"King of Queens" actress Leah Remini recently left the Church of Scientology after 30 years of membership, and uncharacteristically for her, has been quiet about the split.
“But the actress' sister, Nicole, is speaking out defending her sister's decision in an exclusive interview with My Talk Radio,” CNN’s Pamela Brown reports.
Nicole, who also left the church, says the church is fighting back, using their shared circle of friends as arsenal.
“They literally have pulled in these people and told them they had to choose between relationships with my sister and my mother or the church,” Nicole said in the interview. “And I'm going to tell you, these people chose the church.”
In an interview in Minneapolis, St. Paul, Nicole says her sister's problems with Scientology all started at Tom Cruise and Katie Holmes’ wedding when she asked the head of the Church (David Miscavage) about the whereabouts of his wife, Shelly, Brown reports.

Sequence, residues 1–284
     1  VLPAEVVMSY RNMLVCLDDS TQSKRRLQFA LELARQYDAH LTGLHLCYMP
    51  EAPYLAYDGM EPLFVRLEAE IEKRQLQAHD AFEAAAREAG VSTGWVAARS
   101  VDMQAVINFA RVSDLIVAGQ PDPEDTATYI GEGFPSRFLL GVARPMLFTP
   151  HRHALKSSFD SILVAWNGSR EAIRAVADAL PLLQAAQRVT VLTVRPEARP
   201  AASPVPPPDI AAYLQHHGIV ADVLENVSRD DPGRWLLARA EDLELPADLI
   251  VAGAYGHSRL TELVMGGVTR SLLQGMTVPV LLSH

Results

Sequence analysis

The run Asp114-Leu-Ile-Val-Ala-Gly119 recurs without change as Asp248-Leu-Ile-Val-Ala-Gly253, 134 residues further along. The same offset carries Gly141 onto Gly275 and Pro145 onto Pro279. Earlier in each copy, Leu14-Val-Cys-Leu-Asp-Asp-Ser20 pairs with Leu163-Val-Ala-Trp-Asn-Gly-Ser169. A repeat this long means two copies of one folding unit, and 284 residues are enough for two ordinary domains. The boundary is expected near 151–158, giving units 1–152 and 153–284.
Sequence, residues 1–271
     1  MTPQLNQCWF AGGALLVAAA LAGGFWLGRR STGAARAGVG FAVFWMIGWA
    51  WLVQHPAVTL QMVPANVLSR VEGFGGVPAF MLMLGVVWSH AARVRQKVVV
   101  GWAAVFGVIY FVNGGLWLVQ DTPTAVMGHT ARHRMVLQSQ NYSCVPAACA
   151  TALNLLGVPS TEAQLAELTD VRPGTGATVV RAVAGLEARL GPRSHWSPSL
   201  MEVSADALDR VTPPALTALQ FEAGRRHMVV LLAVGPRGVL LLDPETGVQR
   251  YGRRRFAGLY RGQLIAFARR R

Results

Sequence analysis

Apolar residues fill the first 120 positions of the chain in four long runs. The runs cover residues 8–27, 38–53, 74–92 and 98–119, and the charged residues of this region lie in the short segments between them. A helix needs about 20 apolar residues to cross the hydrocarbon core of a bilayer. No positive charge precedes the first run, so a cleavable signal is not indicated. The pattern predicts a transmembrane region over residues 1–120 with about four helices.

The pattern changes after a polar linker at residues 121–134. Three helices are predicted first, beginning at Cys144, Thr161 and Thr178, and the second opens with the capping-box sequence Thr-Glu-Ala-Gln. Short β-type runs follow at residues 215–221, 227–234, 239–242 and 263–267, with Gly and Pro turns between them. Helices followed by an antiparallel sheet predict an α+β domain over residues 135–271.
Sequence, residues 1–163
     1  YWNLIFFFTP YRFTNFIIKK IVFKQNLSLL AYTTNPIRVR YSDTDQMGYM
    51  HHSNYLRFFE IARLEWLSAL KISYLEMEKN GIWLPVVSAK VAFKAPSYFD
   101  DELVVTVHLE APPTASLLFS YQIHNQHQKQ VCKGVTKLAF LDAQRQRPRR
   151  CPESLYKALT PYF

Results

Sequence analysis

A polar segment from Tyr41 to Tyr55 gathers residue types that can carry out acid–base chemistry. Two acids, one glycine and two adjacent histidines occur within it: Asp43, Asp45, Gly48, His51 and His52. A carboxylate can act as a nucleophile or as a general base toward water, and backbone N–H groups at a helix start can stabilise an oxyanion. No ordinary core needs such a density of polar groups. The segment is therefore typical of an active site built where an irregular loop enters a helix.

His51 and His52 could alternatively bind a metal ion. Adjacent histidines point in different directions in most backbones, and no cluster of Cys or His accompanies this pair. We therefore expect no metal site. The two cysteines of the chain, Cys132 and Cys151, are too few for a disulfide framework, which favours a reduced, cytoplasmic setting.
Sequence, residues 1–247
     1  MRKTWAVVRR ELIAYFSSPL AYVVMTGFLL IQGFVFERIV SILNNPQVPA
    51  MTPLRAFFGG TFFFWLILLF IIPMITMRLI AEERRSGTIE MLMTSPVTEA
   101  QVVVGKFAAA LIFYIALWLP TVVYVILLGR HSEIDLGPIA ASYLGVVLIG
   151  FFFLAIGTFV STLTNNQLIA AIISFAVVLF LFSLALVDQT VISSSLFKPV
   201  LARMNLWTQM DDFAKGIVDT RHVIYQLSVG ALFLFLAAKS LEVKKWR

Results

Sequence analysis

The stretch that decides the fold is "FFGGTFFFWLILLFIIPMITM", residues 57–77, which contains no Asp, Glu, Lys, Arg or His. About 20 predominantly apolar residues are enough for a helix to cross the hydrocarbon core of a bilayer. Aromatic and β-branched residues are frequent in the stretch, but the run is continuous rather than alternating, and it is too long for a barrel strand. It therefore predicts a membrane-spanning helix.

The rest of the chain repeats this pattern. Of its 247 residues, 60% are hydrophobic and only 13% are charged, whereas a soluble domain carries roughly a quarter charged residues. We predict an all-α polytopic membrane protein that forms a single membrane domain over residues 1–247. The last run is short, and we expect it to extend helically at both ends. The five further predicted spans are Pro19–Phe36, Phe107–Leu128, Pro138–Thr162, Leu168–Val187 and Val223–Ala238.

“According to Nicole, that question led to others and ultimately to Leah leaving Scientology.”
After her struggle to walk away from the Church, Leah Remini released just this statement saying, “I wish to share my sincere and heartfelt appreciation for the overwhelming, positive response I have received.”
Someone with first-hand insight into those struggles is Nancy Many, the former president of Celebrity Centre International at the Church of Scientology and author of "My Billion Year Contract: Memoir of a Former Scientologist".
Many says Leah Remini's reasons for leaving the Church stressed on its organizational structure and policy of disconnection. "Even though Scientology still denies it,” Many says, “it does happen.”
Many says the Church is a “very high control group,” that has a policy where members must report on other members.
She says the revelation about David Miscavage “came about when Leah confided in a very, very close personal friend her concerns. But her close, personal friend was also a Scientologist, and as such…she was to report this, which she did,” Many says.
“Disconnection is very common practice.”